My husband and I love going hiking. There’s nothing like the feeling of the outdoors. The rush of ascending a challenging incline. Flowers, wildlife, and amazing views become our movement back drop. What could possible spoil all this awesomeness?

Bunions…

We had just finished a hike outside of Julian. When my husband complained about his feet, I said what could I do to help. I had just finished my Yoga Tune Up® Level 1 teacher training and thought maybe we could do something with the therapy balls on the feet. A few minutes later, relief was insight!

Up until this point, my husband only saw surgery as his only option for relief. He may still go the surgical route because of the rubbing of the shoe on the bunion. But now he has some tools to use to mitigate his pain.

Here are a few of his favorites that have been game changers for living with bunions:

Ball on the Ball

Place a single (original) Yoga Tune Up® Therapy Ball on the ball of the foot (not on the toes). Flex the toes around the ball, wait three breaths, and extend the toes. You can also try isolating and lifting each toe one at a time starting with the big toe.

Sweet ROLLief!

Bunions crowd the other toes. This upgrades the space between the toes and challenges the extensors of the toes (like extensor hallucis longus and extensor digitorum longus).

Feet in Line

Come to standing. Notice your feet. Are they turned out at an angle or pointing straight ahead? Point them straight ahead, look straight ahead, and notice how it feels from hip to toe (propriocept).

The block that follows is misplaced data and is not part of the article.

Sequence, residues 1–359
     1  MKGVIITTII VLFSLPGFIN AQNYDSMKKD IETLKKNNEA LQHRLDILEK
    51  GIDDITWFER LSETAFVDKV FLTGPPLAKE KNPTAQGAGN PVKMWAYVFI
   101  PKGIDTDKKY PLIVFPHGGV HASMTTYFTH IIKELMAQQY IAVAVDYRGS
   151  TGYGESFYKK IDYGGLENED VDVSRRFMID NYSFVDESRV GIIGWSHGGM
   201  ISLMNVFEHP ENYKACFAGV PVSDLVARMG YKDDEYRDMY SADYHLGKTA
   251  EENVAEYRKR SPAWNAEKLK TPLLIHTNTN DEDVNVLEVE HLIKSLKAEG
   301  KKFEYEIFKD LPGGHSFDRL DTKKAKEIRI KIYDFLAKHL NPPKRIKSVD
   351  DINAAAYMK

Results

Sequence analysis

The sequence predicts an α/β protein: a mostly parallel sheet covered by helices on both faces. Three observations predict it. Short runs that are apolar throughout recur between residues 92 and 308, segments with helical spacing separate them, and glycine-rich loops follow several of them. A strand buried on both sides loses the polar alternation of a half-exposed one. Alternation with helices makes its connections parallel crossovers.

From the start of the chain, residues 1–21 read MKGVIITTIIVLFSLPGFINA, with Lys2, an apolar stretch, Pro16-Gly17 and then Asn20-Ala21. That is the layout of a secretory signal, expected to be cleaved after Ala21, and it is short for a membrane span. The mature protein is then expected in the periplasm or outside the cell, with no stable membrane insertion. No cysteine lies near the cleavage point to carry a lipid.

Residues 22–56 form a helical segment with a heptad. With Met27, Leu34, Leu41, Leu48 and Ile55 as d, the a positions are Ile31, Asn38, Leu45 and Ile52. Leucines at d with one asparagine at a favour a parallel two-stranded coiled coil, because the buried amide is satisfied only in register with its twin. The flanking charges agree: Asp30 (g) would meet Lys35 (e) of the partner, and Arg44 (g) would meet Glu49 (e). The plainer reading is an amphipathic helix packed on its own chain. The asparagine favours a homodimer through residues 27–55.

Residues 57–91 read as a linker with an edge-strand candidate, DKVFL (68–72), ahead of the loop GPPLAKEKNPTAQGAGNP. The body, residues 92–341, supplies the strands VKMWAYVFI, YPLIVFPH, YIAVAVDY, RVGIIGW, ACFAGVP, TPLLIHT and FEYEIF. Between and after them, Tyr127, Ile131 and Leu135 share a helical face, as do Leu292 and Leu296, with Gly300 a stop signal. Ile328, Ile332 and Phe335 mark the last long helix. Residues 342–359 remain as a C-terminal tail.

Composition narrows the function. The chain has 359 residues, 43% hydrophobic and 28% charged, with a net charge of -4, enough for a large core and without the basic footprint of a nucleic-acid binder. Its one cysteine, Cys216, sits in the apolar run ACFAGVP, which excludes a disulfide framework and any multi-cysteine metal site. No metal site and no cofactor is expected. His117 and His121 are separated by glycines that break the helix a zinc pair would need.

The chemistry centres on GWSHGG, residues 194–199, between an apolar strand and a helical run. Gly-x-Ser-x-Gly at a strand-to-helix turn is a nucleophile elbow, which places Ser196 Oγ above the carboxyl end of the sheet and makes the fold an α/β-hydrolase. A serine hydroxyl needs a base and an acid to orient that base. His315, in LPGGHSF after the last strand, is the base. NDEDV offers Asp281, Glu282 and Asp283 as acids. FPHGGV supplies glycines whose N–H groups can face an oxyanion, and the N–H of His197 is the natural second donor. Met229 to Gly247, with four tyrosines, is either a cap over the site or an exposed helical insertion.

Stand with your feet in parallel to improve knee, hip, and lower back health.

My husband uses proprioception to notice when he’s running or walking that his feet have started to turn out. It’s made a difference in his foot to hip pain.

Hip Strength

Bunion and hips? Strong hips will help stabilize the feet and create a better sense of balance.

One range of motion (ROM) exercise that has been helpful is Hip Lowers. Stand with one foot on a block or book (also can be done on floor to modify) and one foot off. First, see if you can keep the pelvis level. Then, use the “blocked” hip to lower the pelvis as far as you can go. Come back to level. Repeat.

When my husband did this in a recent class, he fatigued quickly. This was such a great assessment movement that let him know where he needed to work on his hip strength to create more pain free walking and running.

I wish I had a magic wand to get rid of my husband’s bunion. Having the tools to cope may be the second best thing!

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